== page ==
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The disappearance of Captain Schaffner

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The disappearance of Captain Schaffner

During the Cold War, the UFO phenomenon became a real problem for the command of enemy military aircraft. One after another, there were reports of the observation of unidentified objects in various parts of the planet. In 1970, a British Air Force pilot, William Schaffner, flew to intercept one of these objects and never returned. A month later, his fighter was found at the bottom of the North Sea, and his cockpit was never opened — the pilot seemed to have disappeared from it…

The disappearance of Captain Schaffner

Captain Schaffner's last voyage

At the height of the Cold War, NATO forces in Europe were constantly waiting for the approach of Soviet aviation equipment. Almost every day, the Soviets tested the effectiveness of Western radars and their ability to quickly respond to an invasion from the East. During this tense situation, the UFO phenomenon has been a headache for both sides for 40 years. At the center of this game of "cat and mouse" were the crews of fighter jets, whose job was to intercept unidentified aircraft and eliminate them if necessary. Every minute, every day, several crews were on full alert at airfields along the east coast of Great Britain and were ready to take off to participate in an air battle with enemy aircraft.

One dead of night in September 1970, Captain William Schaffner, a USAF pilot who was serving in the British Air Force under contract, flew out with the task of intercepting one of these aircraft in Lincolnshire. This flight was his last and was shrouded in mystery, which opened its curtain only in 2005 when the British Ministry of Defense released a freely available report on this tragedy to the National Archives.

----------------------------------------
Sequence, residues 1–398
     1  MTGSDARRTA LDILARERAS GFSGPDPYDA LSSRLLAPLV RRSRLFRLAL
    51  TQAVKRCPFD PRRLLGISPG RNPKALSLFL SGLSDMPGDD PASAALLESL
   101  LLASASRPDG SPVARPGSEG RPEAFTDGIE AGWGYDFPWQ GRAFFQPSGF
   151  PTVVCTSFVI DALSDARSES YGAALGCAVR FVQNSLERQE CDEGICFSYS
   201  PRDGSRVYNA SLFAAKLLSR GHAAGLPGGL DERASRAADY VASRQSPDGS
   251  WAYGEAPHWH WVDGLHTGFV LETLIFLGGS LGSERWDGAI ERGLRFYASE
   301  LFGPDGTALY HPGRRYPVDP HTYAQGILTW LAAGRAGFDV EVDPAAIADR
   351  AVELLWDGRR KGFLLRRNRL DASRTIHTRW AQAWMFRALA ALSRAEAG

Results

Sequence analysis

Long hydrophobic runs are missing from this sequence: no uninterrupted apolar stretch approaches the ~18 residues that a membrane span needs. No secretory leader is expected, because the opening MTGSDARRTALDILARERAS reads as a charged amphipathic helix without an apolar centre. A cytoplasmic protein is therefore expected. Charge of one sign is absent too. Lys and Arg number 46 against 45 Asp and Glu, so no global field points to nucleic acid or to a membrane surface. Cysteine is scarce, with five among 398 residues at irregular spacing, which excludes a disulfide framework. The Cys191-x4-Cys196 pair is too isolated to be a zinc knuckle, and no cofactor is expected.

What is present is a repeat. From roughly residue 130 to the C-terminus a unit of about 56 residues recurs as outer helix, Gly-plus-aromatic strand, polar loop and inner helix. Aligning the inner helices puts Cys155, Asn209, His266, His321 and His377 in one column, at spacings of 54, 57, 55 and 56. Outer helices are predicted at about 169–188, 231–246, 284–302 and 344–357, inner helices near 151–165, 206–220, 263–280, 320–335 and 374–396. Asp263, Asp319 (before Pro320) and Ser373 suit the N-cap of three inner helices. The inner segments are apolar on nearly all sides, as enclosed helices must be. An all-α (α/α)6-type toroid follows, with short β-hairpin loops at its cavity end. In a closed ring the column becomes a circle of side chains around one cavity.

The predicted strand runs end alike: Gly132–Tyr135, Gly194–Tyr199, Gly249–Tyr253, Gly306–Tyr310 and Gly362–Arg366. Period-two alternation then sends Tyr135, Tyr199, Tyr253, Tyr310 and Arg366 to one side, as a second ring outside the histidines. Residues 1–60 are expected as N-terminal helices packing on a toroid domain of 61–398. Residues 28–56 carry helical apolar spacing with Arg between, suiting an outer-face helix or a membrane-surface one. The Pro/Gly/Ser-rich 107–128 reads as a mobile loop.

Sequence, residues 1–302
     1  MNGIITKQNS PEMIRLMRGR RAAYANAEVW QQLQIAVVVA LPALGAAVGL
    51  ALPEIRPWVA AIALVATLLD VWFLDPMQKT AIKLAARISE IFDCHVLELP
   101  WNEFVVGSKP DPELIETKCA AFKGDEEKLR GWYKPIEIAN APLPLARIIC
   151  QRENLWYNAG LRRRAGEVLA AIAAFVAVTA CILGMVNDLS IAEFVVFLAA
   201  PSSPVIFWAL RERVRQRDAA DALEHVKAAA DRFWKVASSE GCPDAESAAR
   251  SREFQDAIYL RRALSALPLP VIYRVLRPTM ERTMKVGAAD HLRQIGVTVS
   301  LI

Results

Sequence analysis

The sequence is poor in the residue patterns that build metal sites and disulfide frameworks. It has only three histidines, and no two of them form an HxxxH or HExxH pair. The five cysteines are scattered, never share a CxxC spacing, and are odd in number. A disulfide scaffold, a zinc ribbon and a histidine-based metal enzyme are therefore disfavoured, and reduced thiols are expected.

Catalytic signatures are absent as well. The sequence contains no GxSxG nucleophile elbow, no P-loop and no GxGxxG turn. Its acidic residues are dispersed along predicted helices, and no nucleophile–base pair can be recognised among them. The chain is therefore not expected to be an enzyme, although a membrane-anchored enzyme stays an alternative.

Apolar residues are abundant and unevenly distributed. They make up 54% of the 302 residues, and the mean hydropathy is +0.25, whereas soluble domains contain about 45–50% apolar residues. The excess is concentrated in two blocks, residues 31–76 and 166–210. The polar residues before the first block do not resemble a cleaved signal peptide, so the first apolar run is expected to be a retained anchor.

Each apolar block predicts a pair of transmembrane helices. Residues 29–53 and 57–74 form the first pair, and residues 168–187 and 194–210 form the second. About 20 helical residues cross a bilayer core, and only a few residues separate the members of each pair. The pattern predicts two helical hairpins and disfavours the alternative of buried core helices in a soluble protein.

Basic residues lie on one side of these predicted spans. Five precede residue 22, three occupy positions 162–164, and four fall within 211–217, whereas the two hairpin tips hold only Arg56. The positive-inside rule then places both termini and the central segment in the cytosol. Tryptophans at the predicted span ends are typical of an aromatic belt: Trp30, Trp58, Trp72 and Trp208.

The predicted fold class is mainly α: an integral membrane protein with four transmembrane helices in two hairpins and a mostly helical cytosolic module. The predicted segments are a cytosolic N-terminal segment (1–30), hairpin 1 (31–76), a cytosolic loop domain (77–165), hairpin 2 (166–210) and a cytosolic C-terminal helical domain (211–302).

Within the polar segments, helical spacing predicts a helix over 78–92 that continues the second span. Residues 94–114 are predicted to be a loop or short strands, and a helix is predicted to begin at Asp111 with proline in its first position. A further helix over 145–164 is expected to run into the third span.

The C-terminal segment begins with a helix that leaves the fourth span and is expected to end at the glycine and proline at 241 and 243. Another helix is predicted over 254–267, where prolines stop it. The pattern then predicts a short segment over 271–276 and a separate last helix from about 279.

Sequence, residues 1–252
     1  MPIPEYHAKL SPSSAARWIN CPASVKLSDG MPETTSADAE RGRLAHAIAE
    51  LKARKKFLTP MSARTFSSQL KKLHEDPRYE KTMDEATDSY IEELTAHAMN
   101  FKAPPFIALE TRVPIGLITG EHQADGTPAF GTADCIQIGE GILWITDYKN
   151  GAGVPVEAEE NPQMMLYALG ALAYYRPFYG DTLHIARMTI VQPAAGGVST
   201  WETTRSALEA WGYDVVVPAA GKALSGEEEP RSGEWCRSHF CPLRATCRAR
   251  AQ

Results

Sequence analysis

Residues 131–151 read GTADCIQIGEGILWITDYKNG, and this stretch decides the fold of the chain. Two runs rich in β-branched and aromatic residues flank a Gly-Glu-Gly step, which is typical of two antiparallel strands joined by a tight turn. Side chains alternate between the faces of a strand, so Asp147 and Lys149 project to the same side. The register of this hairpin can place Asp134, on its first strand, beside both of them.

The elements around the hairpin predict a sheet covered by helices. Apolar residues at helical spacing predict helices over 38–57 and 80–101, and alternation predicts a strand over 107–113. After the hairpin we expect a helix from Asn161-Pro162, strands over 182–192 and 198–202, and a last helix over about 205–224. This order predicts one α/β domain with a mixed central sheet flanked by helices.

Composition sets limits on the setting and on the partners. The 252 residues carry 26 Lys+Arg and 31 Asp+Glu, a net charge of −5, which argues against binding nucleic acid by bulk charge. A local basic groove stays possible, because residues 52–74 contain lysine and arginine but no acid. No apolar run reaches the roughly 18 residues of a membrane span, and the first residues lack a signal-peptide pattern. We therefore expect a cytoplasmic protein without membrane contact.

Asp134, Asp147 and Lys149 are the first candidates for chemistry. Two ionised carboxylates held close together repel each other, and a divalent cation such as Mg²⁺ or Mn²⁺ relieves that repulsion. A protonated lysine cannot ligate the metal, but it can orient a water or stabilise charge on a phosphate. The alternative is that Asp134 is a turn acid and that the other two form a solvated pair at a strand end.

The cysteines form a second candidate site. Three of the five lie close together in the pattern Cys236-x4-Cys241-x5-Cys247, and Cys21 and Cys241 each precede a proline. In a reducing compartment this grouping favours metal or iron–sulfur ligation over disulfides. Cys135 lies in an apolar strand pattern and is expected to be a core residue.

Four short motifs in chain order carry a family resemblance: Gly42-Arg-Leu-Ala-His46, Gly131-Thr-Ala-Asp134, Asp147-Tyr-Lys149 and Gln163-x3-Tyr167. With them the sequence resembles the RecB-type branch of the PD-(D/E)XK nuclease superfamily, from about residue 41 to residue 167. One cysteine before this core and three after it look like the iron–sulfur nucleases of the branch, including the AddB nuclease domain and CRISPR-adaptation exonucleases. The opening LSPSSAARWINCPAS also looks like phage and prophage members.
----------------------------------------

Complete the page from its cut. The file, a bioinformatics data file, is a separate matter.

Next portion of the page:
Captain Schaffner

William Schaffner was 28 years old on the day of the tragedy. He was a fairly experienced pilot who managed to participate in the military conflict in Vietnam. Early in the morning of September 9, 1970, employees of the British Air Force military base informed his family that he had flown on a combat mission and his plane had crashed over the waters of the North Sea. The rescue operation lasted two days, but during the search for the boat and the coast guard could not find any traces of the accident. Part of the wreckage of the plane was found at a considerable distance from the alleged crash site, but no one found the body of Captain Schaffner. The mysterious circumstances of his death will soon form the basis of the materials on the case of his disappearance.

The investigators of the British Air Force conducted their own investigation, and the report on it included such sensitive information that it was published under the heading "Secret". As a result, the story began to grow with rumors about what exactly happened to the captain. The most daring version suggested that the pilot came into contact with a UFO in the airspace and as a result was abducted directly from the cockpit of his plane. Air Force officials are still classifying information about the names of the pilots who were raised to intercept that day. The fact that Schaffner died under tragic circumstances was the only definite one at that time. But, over the years, it was he who became the cornerstone around rumors and gossip that suggested a connection between the fact of Schaffner's death and the UFO phenomenon.